Fenbendazole is a broad-spectrum antiparasitic drug used in both humans and animals. It has a long track record of use, particularly in animals (where it is used to treat Ascaris, hookworm and trichomoniasis), but only limited experience with its single dose activity against human parasites. It has also been found to be effective in experimental settings against some cancer cells. It is a potential candidate for combination therapy with chemotherapy and radiation as an immunosuppressant, enhancing the efficacy of both drugs by decreasing tumor cell sensitivity to them.
It is also known to inhibit proliferation in cancer cells, and enhance the effectiveness of radiotherapy and chemotherapeutic agents by increasing tumor permeability. This effect is due to a decrease in protein synthesis, and has been found to be independent of p53 status.
Moreover, fenbendazole is reported to reduce the uptake of glucose by cancer cells and to increase their sensitivity to glucose inhibition. This has been attributed to the formation of an inactive isoform of pyruvate dehydrogenase, which can block the uptake of oxidized glucose and prevent cellular energy production.
Our group has previously examined the effect of fenbendazole in the context of solid tumors using EMT6 mammary carcinoma cells in culture and in mice as well as 5-fluorouracil-resistant SNU-C5/5-FUR cancer cells, an established model for colorectal cancer. The results shown in Table 2 indicate that fenbendazole in maximally-intensive regimens significantly decreased the growth of EMT6 tumors in mice, and did not alter the radiation response to these tumors. The results of the other experiments shown in Table 2 confirm that fenbendazole has no impact on the growth of unirradiated tumors or on the time to four-fold tumor volume in irradiated tumors.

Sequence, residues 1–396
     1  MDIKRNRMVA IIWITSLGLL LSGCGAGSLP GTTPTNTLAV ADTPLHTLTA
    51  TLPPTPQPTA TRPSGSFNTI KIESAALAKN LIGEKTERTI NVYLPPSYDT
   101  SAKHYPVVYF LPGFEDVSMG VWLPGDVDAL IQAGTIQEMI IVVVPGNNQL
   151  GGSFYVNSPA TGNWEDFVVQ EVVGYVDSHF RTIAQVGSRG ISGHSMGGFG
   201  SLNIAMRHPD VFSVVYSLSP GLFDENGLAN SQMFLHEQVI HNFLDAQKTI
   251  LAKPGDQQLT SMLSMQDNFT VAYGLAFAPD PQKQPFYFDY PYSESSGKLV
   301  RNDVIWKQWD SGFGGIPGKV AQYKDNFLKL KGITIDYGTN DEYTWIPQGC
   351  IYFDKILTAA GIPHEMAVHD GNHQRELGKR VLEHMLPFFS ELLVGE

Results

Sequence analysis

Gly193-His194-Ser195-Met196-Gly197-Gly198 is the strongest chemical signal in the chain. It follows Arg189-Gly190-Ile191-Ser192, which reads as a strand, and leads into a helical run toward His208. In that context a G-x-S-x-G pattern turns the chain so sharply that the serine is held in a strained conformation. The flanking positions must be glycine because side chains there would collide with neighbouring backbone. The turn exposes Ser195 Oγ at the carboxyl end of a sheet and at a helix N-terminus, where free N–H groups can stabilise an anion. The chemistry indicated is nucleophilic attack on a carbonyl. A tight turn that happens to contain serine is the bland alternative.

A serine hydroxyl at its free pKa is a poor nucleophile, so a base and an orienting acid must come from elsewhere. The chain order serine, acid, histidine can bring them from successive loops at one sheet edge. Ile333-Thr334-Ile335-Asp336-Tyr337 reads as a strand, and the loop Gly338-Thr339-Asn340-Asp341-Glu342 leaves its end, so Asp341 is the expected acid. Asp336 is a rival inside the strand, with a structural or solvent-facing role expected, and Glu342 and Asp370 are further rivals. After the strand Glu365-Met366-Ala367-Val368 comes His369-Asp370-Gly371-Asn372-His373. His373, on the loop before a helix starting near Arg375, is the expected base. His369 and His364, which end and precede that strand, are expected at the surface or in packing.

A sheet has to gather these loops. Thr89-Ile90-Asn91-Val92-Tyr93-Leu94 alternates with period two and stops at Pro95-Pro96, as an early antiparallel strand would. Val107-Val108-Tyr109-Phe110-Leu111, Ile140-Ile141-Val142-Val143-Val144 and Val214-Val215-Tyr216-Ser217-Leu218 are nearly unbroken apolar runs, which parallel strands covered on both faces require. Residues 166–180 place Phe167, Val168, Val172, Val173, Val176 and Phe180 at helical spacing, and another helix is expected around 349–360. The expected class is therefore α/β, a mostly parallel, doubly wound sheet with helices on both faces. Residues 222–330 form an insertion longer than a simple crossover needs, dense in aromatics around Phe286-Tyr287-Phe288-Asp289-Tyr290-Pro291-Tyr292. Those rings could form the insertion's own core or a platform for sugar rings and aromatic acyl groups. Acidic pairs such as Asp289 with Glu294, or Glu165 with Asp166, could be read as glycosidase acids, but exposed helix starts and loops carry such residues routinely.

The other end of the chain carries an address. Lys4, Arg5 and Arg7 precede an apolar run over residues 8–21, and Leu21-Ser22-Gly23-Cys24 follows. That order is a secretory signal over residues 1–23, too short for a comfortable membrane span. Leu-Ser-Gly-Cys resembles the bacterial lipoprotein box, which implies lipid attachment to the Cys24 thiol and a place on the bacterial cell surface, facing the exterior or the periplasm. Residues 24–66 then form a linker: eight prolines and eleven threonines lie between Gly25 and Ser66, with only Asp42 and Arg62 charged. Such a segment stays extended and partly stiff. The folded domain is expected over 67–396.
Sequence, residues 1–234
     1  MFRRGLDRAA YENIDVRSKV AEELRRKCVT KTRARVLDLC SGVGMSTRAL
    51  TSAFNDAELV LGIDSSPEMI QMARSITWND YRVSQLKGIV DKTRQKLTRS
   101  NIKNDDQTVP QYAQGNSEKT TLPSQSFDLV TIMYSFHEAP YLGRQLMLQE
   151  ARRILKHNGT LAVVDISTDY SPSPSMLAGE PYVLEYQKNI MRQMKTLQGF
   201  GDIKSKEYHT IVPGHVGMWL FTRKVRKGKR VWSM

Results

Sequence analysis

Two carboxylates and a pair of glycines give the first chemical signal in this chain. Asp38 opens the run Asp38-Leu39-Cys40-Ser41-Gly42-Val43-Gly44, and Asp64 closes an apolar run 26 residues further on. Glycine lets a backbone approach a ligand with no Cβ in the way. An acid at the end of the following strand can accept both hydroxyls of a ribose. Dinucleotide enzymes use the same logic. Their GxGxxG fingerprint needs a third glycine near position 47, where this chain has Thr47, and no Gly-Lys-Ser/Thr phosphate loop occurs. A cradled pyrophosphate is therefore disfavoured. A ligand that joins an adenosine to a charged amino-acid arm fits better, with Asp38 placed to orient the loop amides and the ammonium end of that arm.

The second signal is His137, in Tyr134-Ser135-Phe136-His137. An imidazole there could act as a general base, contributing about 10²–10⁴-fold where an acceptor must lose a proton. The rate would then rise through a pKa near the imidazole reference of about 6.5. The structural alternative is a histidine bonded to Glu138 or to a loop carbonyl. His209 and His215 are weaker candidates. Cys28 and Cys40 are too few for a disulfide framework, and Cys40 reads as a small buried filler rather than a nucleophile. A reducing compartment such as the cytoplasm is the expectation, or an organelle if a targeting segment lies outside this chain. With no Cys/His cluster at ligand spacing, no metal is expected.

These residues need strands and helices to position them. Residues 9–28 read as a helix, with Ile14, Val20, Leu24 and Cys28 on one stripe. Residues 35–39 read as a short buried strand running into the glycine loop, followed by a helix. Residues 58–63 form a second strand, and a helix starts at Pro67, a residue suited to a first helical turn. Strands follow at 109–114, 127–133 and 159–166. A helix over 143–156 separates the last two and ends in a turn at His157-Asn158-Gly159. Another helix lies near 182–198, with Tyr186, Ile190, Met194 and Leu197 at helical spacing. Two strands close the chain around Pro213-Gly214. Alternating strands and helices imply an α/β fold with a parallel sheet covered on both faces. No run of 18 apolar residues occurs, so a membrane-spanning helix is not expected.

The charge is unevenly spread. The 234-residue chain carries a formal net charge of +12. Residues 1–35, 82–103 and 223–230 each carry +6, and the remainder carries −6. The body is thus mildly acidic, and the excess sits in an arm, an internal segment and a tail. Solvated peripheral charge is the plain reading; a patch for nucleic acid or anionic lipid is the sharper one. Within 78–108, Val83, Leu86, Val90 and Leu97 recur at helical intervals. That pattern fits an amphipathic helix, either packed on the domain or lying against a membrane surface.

Febendazole alone is cytotoxic to EMT6 cells in vitro, and its toxicity increases with incubation time and under conditions of severe hypoxia. However, fenbendazole when combined with radiation or docetaxel in the dose-response experiments shown in Table 2 had no impact on the shape of either the radiation or docetaxel dose-response curves; the two drugs produced additive cytotoxicity.
In a recent case report (18) of a patient who was treated with pembrolizumab and fenbendazole, the authors described the development of liver injury as a treatment-related adverse event. Initially, this was thought to be related to an immune-related adverse event but it later became apparent that the patient had begun taking oral fenbendazole at the time of starting pembrolizumab treatment because of information she had found on social media sites regarding its anti-cancer effects. The patient subsequently regained her health and was able to resume receiving her scheduled pembrolizumab treatments, without additional liver damage. This case highlights the need to monitor for this type of adverse event in patients treated with novel anti-cancer agents and to evaluate if complementary therapies are safe and feasible. The author wishes to thank the Department of Medicine and the Division of Clinical Pharmacology, MD Anderson Cancer Center, for their assistance with this article. fenbendazole for humans cancer